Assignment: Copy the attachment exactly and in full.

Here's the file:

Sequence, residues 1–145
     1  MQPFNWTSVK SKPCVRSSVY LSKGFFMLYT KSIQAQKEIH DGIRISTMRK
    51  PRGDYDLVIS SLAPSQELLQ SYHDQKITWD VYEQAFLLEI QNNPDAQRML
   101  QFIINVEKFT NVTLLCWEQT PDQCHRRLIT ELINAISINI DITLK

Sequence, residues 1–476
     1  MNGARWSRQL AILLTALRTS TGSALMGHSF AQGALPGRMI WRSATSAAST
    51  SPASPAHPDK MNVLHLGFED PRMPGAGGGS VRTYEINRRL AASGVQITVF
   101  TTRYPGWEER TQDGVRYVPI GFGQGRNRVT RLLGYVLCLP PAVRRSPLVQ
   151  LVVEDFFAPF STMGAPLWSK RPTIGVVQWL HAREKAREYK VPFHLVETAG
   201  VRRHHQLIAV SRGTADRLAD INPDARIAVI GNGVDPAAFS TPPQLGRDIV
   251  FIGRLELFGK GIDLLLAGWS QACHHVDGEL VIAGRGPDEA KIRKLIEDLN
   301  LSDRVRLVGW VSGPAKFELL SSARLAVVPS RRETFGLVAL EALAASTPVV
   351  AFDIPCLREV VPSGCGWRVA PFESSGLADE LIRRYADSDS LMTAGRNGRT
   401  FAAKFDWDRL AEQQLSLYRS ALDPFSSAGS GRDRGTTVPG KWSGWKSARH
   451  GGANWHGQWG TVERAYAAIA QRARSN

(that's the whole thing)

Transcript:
Sequence, residues 1–145
     1  MQPFNWTSVK SKPCVRSSVY LSKGFFMLYT KSIQAQKEIH DGIRISTMRK
    51  PRGDYDLVIS SLAPSQELLQ SYHDQKITWD VYEQAFLLEI QNNPDAQRML
   101  QFIINVEKFT NVTLLCWEQT PDQCHRRLIT ELINAISINI DITLK

Sequence, residues 1–476
     1  MNGARWSRQL AILLTALRTS TGSALMGHSF AQGALPGRMI WRSATSAAST
    51  SPASPAHPDK MNVLHLGFED PRMPGAGGGS VRTYEINRRL AASGVQITVF
   101  TTRYPGWEER TQDGVRYVPI GFGQGRNRVT RLLGYVLCLP PAVRRSPLVQ
   151  LVVEDFFAPF STMGAPLWSK RPTIGVVQWL HAREKAREYK VPFHLVETAG
   201  VRRHHQLIAV SRGTADRLAD INPDARIAVI GNGVDPAAFS TPPQLGRDIV
   251  FIGRLELFGK GIDLLLAGWS QACHHVDGEL VIAGRGPDEA KIRKLIEDLN
   301  LSDRVRLVGW VSGPAKFELL SSARLAVVPS RRETFGLVAL EALAASTPVV
   351  AFDIPCLREV VPSGCGWRVA PFESSGLADE LIRRYADSDS LMTAGRNGRT
   401  FAAKFDWDRL AEQQLSLYRS ALDPFSSAGS GRDRGTTVPG KWSGWKSARH
   451  GGANWHGQWG TVERAYAAIA QRARSN